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Teacher Resources by Grade
|1st - 2nd||3rd - 4th|
|5th - 6th||7th - 8th|
|9th - 10th||11th - 12th|
Focus on First Lines: Increasing Comprehension through Prediction Strategies
|Grades||9 – 12|
|Lesson Plan Type||Recurring Lesson|
|Estimated Time||Introduction: 50 minutes; thereafter: 5-10 minutes per session|
At the beginning of a course or unit, students examine opening sentences from texts that they will read completely in later sessions. Students analyze the sentences and make predictions about the texts. As students read the complete texts throughout the course or unit, they return to their predictions to talk about the prediction strategy and to increase reading comprehension. The lesson plan includes sample opening lines for a variety of courses. The lesson can be easily adapted for any course or unit by collecting opening lines from texts that the class will read as a group.
Online Think-Aloud Predictions for "Young Goodman Brown": This online tool demonstrates a close reading and analysis of the first line of a text.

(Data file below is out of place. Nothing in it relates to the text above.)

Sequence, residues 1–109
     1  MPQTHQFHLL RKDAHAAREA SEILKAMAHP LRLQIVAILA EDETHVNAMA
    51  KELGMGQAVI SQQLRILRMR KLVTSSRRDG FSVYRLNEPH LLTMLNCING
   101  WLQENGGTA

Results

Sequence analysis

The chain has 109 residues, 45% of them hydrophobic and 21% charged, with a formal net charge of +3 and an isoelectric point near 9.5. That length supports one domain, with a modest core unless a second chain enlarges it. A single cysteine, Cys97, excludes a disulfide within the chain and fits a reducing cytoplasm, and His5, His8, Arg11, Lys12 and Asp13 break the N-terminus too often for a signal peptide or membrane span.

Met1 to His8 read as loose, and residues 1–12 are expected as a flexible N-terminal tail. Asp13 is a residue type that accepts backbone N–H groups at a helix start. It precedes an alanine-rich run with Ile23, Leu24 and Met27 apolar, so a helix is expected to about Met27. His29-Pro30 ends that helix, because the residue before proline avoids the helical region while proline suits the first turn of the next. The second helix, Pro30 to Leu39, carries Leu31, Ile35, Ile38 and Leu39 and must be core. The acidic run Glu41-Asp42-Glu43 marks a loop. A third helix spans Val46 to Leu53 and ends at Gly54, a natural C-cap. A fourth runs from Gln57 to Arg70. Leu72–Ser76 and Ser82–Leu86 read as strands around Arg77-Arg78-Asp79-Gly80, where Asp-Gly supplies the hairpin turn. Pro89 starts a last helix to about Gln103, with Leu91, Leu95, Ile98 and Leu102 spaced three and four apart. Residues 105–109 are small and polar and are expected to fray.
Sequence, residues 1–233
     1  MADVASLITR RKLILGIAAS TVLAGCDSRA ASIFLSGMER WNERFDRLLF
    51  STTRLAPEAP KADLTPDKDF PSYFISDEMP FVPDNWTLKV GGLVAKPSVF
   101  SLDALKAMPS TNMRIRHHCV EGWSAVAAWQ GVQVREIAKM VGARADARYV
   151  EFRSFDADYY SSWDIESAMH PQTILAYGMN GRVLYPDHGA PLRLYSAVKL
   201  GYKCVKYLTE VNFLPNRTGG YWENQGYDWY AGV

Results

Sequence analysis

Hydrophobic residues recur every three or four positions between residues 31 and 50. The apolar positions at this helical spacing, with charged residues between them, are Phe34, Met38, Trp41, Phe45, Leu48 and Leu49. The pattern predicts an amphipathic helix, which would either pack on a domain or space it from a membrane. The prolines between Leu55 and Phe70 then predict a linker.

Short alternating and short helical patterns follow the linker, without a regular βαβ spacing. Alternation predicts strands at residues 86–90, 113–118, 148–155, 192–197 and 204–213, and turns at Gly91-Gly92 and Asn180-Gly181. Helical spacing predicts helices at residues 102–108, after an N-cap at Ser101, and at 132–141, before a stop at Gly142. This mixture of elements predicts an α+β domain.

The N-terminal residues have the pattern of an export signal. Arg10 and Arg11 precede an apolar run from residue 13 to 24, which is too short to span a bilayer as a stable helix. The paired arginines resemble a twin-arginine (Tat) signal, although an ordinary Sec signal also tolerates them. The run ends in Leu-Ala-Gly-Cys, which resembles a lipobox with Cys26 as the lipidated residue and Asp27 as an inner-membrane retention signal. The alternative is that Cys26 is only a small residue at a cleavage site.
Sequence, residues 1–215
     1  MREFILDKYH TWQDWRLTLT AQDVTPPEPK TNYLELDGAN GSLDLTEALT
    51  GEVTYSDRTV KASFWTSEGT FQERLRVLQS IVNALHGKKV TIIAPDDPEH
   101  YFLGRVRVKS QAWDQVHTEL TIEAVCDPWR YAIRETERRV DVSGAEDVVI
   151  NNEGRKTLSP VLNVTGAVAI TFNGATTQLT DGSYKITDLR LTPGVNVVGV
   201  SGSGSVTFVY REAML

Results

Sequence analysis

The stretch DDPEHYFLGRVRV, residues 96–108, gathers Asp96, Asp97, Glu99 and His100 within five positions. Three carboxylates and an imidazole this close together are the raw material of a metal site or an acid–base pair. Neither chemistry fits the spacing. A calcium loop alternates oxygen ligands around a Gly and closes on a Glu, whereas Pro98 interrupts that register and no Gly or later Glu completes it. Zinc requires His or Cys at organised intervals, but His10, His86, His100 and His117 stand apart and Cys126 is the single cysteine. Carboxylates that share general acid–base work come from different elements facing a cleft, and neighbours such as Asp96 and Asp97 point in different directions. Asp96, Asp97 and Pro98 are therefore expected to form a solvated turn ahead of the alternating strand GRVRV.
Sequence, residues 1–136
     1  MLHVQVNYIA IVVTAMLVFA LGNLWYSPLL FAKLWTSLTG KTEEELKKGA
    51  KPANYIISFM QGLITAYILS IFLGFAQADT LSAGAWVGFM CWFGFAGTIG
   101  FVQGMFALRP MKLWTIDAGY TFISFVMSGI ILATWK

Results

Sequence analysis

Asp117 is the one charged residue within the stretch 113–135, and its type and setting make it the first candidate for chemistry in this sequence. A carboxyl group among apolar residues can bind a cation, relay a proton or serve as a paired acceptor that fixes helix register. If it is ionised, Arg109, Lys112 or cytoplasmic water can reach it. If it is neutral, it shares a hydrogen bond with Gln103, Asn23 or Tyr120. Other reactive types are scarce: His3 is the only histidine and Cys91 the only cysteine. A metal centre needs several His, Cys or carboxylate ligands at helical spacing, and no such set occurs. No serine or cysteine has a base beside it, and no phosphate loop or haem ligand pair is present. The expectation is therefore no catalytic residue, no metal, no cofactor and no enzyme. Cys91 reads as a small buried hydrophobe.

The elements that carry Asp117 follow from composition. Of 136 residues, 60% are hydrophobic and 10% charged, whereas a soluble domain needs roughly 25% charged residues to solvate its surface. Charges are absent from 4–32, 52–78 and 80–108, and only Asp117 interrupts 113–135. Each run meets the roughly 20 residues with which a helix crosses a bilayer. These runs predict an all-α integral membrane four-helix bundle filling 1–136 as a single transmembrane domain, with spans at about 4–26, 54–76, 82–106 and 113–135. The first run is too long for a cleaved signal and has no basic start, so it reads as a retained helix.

Opening Lines Recording Sheet: Students can use this handout to record their predictions about texts they will read.
In When Kids Can't Read, Kylene Beers explains, "Skilled readers consciously try to anticipate what the text is about before they begin reading. They look at the cover, art, title, genre, author, headings, graphs, charts, length, print size, front flaps, and back covers. . . . They do anything to find out something before they begin reading. Dependent readers, on the other hand, often don't do that; they are told to read something, and once the text is in hand, they just begin" (74). The comprehension strategy outlined in this lesson interrupts the habits of dependent readers by asking them to focus their attention on what they can tell from the first lines of a story, play, poem, or other text.
Beers, Kylene. When Kids Can't Read What Teachers Can Do: A Guide for Teachers 6-12. Portsmouth, NH: Heinemann, 2003.
Gorlewski, Julie, ed. "Shouldn't They Already Know How to Read? Comprehension Strategies in High School English." English Journal 98.4 (March 2009): 127-132.